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The challenges of data privacy


GDPR

writer icon Victor Zanabria     Biljana Jovanovic   |   Business & Investment     🕐 03. May. 2018


The amount of data that is generated every day is tremendous. According to the International Business Machines Corporation (IBM), 90% of the data in the world today has been created in the last two years. Different data sources such as instant messaging, transactions, sensors, apps, click streams, search queries, and social media, just to name a few, have created the concept of big data. 


The advent of big data has brought new challenges for organisations. One of those challenges is the management of privacy and security concerns related to the personal data that is being uploaded every day to the cloud. A clear example of this is the information that people upload every day to different social media such as Facebook, Snapchat or Instagram. Facebook alone grew from 2 billion to over 6 billion uploaded pictures between the years of 2010 and 2012. The uploaded data is gathered, processed, stored and analysed by a variety of organisations with different purposes.

Making this data open and accessible generates some important concerns regarding privacy. One of the most major privacy concerns during the process of analysing data is identity disclosure.

The main problem with identity disclosure is that one can identify people by putting together data that comes from multiple data sources, which is not considered a difficult task. Professor Latanya Sweeney explains that 85% of the United States population is exposed to the risk of being individually identified just by knowing their gender, zip code and date of birth. Not surprisingly, this information is more than likely to be found in public data sources such as social media and public records.

Identity disclosure is just one of the many privacy concerns. A team of researchers led by Professor Xindong Wu have identified other privacy issues related to the analysis of big data. For instance, preventing third-party users to have access to information that unveils the users “data access patterns” which concerns how, when, and from where a user goes online.


Although location-based services need to access the users’ geo-location to produce an accurate result, there can be serious privacy consequences if someone tracks users’ movement over a long time and store it in a publicly accessible database. Because of these and other privacy issues, The European Union has decided to take action on the matter and they have put new rules on the table. Any company that wants to use European Union citizens’ personal data mjust comply with the new legislation.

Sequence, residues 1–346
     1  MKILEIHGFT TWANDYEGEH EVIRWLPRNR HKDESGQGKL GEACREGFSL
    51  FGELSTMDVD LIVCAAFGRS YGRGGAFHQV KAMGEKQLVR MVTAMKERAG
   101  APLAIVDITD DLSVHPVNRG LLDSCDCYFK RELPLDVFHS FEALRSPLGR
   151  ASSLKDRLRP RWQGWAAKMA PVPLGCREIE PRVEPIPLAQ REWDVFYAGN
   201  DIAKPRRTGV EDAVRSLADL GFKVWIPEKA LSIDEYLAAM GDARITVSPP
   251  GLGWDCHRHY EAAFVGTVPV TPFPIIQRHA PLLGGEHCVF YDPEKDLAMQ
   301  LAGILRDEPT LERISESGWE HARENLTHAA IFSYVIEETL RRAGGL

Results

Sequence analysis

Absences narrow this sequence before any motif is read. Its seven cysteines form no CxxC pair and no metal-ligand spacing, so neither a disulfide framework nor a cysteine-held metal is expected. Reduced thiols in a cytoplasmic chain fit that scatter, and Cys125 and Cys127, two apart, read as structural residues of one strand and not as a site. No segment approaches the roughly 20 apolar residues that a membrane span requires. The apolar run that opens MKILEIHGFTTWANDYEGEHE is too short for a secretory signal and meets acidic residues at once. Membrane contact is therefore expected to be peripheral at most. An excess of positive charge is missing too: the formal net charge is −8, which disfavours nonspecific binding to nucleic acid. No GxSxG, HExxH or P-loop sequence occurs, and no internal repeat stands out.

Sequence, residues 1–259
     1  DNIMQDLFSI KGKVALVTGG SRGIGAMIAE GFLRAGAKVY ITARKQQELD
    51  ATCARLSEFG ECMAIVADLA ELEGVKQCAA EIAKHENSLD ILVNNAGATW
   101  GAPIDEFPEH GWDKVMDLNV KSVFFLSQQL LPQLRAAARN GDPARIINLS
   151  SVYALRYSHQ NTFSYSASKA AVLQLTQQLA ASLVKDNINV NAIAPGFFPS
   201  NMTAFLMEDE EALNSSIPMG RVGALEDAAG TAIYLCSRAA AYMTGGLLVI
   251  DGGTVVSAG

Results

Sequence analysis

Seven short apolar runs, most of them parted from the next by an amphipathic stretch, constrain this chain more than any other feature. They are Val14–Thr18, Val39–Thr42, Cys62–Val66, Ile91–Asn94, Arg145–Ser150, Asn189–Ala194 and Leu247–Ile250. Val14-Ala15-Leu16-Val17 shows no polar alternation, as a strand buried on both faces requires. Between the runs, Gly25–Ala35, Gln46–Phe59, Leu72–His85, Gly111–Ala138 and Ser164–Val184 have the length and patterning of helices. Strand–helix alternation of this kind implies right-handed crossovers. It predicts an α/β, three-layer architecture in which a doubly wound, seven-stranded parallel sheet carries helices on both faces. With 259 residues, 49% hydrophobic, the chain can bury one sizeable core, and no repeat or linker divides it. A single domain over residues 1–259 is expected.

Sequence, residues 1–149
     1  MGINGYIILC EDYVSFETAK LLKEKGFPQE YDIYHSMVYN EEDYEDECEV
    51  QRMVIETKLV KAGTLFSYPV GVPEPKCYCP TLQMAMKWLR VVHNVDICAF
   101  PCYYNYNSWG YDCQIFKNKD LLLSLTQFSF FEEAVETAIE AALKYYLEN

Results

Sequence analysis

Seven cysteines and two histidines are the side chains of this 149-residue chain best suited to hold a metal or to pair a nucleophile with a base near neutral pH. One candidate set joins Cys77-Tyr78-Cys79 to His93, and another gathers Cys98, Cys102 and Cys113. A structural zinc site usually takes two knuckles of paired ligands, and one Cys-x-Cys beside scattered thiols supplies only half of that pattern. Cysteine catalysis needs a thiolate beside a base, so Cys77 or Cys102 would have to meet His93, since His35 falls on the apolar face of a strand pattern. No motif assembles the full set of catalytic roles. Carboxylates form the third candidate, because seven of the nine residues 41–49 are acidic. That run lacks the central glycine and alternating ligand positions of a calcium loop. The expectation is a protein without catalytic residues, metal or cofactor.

General Data Protection Regulation
The new General Data Protection Regulation (GDPR) is designed to: “[…] harmonize data privacy laws across Europe, to protect and empower all EU citizens data privacy and to reshape the way organizations across the region approach data privacy.” 


This regulation will become enforceable on the 25th of May 2018. It is known as an extension of its predecessor, an old data protection directive. The GDPR has included some important modifications like an extended jurisdiction which means that every organisation that processes personal data of citizens within the EU must comply with the GDPR, regardless of the organisation’s location, or face fines.

Other important adjustments include the strengthening of the conditions for consent, and the right to be informed within 72 hours after a data breach that puts one’s personal data at risk. Additionally, there is the right of any citizen to be "forgotten" from any database if the right conditions are met, as well as the right to withdraw personal data provided by a citizen in a common use and machine-readable format. Finally, there is the adoption of “privacy by design” which means that data protection should be included from the start when designing new systems and not be added later.

Despite GDPR looking promising for the future of data protection regulations, it has received some negative feedback. It is noticeable that GDPR should not be considered as a silver bullet that will solve all the issues surrounding privacy. Still, it is important to acknowledge its efforts to reinforce its predecessor’s flaws. One of the main flaws that the old data protection directive did not address was the protection of citizens data from reidentification.

The old data protection directive considered that once the personal data is anonymised, it does not count as personal data anymore and therefore the directive no longer applies.  The GDPR has almost the same definition of personal data, with the difference being that it has included the information regarding the location and online identifier as personal identifiable information, which does not represent an important difference. 


What the GDPR proposes is to limit the extent of which pseudonymised data is allowed to be used. Despite this being an improvement, there is still an important weakness to consider. It has already been proven that there is almost no completely anonymised data in existence as, in the right context and with the right additional data, even this anonymous data can be used to re-identify individuals.

In summary, the GDPR represents an important step when it comes to data protection regulations. However, there are still some weaknesses that must be taken into consideration. Any company working with personal data must acknowledge every detail that GDPR brings, in order to be ready for its future launch.





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